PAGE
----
Red Sox CEO Gets Behind Sports Betting
Not too long ago, pro-sports leagues were the main spanners in the sports betting legalisation works. Big-shot managers were lashing out at anyone even suggesting a re-consideration, let alone a reform, and the general picture that was painted was one that vilified the betting world, predicting match-fixing doom and loss-of-integrity gloom all round.
But now, the people in charge of the big leagues, people like Boston Red Sox CEO Sam Kennedy, appear to be doing a 360 turn-around on their own gospels. According to Kennedy, sports betting will not only not harm the integrity of the MLB, but may very well be the making of increased levels of engagement by fans.
In other words: sports betting is no longer considered to be a bad apple and has managed to redeem itself somehow.
Never Mind The Money
According to Kennedy, the fact that the industry has made new peace with sports betting doesn’t have as much to do with projected revenue figures as what it does with a renewed interest in sports. The man in charge boldly proclaimed that the positive revenue impact is secondary to the greater cause, being the love of the game.
In his defence, Kennedy appears to have given quite some thought to the matter. In his opinion, live in-play betting in particular, will stimulate new levels of interest. This will ultimately come down to more tickets being sold to matches and games where the score line would previously have been too one-sided to engage the attention of neutral fans. Being able to place a bet and follow its progress in a live setting may be just what the doctor ordered in order to bring new levels of excitement to flat events.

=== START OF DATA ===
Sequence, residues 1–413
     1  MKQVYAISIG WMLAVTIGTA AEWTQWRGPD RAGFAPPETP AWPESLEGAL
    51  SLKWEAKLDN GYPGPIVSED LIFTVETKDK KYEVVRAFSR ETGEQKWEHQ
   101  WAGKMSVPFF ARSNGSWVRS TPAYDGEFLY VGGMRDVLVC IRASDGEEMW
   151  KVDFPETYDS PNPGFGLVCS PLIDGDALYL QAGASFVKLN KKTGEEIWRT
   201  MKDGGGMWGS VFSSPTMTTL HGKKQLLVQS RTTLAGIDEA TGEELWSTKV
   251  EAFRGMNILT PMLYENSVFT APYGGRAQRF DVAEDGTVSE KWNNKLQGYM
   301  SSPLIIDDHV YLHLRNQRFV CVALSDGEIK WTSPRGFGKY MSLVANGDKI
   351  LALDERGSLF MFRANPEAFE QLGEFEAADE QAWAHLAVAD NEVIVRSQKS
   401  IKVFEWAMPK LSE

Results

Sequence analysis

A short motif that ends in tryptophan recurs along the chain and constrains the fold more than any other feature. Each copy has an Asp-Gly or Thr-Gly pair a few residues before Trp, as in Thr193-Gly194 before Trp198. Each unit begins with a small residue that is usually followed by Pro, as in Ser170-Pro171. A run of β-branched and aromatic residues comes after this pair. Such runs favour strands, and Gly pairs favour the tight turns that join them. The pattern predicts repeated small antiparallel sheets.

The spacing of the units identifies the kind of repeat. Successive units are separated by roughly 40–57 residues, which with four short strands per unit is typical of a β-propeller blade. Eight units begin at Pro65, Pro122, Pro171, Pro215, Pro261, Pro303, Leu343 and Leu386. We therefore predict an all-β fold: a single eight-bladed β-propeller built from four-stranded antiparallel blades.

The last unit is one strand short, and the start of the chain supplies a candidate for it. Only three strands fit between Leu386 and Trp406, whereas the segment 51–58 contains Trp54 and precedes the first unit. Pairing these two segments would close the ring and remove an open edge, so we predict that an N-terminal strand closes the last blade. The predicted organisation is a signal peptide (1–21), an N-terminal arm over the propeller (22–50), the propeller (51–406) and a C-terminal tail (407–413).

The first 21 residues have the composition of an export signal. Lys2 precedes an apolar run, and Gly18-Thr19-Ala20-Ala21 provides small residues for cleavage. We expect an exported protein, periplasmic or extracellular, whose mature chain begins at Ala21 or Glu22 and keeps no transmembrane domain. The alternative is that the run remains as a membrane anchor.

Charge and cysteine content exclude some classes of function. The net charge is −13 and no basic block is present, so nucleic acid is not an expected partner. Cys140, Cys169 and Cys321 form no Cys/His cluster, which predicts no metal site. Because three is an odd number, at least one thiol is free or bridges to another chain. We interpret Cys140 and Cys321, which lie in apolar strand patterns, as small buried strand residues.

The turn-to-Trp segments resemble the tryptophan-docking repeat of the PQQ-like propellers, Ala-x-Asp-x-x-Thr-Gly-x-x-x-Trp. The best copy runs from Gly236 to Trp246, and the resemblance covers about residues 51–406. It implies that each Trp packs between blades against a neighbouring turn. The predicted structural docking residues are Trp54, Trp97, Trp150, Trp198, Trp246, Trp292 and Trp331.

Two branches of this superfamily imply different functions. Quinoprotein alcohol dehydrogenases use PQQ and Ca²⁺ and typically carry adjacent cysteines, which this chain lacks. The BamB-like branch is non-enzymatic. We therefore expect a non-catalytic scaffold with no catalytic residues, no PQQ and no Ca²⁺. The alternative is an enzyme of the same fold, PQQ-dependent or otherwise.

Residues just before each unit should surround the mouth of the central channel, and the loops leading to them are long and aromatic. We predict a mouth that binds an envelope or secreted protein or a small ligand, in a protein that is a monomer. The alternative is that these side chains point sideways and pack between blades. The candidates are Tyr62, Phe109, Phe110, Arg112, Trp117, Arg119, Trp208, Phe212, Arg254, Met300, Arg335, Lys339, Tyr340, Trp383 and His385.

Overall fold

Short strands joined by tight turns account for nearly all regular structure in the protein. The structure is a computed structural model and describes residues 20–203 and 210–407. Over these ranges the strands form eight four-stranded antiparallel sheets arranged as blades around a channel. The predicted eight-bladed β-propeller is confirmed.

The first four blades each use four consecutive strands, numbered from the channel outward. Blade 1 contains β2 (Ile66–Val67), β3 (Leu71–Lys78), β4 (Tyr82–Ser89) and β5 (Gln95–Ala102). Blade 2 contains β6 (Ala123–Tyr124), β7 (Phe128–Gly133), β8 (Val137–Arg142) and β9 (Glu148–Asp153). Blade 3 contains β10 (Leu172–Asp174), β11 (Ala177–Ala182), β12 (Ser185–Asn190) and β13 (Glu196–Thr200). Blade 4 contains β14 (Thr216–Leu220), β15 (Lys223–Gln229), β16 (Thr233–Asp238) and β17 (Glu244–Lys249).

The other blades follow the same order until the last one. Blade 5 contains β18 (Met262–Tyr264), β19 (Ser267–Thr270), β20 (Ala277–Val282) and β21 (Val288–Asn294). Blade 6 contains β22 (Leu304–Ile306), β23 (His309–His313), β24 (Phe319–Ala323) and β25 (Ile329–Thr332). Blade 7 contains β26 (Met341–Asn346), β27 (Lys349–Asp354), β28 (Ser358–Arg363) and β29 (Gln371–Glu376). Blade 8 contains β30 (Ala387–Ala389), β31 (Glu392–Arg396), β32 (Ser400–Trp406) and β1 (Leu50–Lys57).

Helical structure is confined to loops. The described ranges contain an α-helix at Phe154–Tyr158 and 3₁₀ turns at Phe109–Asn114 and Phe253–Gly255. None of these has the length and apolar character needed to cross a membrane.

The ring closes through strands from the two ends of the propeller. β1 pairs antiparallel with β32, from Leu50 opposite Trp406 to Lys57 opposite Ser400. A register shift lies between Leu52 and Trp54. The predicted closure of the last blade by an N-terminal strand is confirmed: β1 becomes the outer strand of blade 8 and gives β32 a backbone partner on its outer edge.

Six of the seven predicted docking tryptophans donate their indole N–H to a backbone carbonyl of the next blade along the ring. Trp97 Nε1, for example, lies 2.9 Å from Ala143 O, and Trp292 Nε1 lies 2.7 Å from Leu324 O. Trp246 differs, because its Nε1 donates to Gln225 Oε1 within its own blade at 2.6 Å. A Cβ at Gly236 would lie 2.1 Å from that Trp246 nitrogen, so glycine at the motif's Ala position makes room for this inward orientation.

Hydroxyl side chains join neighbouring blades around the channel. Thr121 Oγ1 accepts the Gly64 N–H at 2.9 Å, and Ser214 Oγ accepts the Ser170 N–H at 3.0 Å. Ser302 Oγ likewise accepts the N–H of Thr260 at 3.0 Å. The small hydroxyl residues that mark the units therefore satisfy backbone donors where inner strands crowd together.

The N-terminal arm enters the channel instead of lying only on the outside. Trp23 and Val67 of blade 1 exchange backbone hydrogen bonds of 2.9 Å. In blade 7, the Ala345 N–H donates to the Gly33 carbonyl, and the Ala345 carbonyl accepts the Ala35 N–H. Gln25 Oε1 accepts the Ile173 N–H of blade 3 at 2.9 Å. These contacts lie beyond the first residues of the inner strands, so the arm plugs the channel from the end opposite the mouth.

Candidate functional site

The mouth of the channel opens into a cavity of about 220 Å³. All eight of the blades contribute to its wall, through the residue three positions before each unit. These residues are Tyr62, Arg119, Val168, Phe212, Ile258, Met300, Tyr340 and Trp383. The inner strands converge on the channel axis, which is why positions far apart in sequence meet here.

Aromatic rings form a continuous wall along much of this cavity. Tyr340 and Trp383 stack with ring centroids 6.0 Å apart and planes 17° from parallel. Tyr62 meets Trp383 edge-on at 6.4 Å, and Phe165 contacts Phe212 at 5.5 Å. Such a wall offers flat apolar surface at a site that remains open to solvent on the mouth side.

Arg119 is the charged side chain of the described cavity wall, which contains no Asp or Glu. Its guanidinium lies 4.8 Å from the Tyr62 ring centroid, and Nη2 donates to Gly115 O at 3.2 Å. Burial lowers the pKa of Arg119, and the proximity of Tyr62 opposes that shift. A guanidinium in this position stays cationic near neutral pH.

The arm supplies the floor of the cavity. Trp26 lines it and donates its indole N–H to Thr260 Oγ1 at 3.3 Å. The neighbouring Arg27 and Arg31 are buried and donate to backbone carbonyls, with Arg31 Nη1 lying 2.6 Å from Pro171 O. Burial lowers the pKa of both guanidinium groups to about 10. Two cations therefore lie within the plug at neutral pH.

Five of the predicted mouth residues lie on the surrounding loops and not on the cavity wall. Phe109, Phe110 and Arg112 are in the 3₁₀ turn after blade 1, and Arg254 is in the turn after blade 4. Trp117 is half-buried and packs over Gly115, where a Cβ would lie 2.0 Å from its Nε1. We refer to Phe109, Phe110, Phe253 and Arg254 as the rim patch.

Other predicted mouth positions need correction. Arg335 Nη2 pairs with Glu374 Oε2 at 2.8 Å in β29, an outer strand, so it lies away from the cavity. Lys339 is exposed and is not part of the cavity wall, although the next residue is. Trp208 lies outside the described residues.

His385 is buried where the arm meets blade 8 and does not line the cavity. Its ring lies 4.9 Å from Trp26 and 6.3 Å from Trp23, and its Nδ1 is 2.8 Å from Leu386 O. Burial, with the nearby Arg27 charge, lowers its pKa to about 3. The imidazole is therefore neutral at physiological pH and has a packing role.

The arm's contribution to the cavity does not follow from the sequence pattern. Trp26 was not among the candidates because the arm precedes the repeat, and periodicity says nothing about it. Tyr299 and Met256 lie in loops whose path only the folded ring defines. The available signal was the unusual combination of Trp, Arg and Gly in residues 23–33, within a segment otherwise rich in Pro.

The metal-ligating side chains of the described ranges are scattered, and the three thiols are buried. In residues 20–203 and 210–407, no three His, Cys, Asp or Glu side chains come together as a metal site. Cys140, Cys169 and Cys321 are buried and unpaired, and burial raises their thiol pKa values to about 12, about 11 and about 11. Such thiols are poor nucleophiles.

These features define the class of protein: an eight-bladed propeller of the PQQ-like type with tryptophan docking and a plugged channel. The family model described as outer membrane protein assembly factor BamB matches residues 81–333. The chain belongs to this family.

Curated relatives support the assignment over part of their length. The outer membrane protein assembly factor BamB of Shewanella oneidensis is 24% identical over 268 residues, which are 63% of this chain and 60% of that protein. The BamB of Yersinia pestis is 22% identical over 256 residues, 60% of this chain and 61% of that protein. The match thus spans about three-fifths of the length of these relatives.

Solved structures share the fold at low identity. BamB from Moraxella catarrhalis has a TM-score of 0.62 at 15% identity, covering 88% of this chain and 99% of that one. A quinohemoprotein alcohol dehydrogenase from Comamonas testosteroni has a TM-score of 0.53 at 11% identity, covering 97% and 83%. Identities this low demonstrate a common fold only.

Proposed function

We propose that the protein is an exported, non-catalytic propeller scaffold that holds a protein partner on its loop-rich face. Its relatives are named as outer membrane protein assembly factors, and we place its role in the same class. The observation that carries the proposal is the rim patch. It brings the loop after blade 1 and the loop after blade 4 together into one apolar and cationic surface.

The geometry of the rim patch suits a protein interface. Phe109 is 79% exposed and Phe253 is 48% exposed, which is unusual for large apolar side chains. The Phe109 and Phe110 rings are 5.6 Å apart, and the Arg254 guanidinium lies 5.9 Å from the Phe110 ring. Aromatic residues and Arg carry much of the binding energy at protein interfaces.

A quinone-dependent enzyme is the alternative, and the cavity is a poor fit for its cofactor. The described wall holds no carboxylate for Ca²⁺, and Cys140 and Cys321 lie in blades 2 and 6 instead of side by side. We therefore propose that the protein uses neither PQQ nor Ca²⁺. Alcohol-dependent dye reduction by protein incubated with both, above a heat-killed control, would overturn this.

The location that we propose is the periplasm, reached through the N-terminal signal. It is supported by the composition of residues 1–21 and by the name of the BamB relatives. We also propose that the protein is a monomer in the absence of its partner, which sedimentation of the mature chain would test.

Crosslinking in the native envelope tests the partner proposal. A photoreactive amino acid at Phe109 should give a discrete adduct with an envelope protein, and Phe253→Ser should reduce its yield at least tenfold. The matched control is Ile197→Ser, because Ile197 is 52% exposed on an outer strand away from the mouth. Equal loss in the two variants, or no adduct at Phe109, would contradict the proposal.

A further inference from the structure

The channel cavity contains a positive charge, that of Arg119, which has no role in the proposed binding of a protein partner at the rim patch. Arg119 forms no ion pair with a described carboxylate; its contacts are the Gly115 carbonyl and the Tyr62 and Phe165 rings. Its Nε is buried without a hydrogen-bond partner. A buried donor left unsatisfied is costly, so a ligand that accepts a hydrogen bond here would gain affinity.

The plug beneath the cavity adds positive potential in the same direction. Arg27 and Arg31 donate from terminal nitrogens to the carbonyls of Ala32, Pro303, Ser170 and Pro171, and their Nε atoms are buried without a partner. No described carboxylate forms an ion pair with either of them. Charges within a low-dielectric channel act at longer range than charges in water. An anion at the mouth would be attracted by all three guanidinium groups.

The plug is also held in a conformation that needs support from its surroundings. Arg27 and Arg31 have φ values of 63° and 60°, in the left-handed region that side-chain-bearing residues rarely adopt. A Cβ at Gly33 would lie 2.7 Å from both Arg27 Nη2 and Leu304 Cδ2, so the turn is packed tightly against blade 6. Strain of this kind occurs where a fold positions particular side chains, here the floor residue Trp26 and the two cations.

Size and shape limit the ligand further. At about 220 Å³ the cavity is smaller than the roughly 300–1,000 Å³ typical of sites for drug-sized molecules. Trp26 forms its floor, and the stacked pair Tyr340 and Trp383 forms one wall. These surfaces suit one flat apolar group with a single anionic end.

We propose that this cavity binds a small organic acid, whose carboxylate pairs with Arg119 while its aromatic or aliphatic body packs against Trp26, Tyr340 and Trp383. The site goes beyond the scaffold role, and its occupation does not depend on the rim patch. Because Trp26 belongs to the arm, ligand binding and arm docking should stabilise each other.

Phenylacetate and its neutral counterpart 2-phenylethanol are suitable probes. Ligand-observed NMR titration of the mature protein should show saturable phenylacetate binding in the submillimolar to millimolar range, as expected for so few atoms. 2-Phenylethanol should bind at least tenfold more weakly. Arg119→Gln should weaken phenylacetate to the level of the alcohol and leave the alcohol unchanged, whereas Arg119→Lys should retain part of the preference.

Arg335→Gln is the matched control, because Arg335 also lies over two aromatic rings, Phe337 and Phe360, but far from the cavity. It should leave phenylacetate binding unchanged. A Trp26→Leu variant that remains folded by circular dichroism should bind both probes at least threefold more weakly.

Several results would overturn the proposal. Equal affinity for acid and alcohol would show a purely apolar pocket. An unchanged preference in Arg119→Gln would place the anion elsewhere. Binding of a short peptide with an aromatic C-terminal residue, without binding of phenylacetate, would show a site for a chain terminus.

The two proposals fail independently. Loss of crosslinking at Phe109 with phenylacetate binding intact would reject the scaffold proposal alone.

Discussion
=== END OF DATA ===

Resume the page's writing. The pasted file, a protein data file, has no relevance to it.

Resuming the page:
Why Proper Regulation Is Vital
The CEO was quite outspoken about the necessity for the proper regulation of the market. One can only assume that he was informed of the estimated worth of the industry as it stands at the moment, as well as what it is predicted to be worth in a few years’ time.
The general argument seems to be that someone is doing it in anyway, albeit in an illegal and unregulated way. By legalising the sector, leagues and operators have the opportunity to work together in a structured market, as well as offering bettor-protection to fans, which is something that is obviously not offered by illegal operators.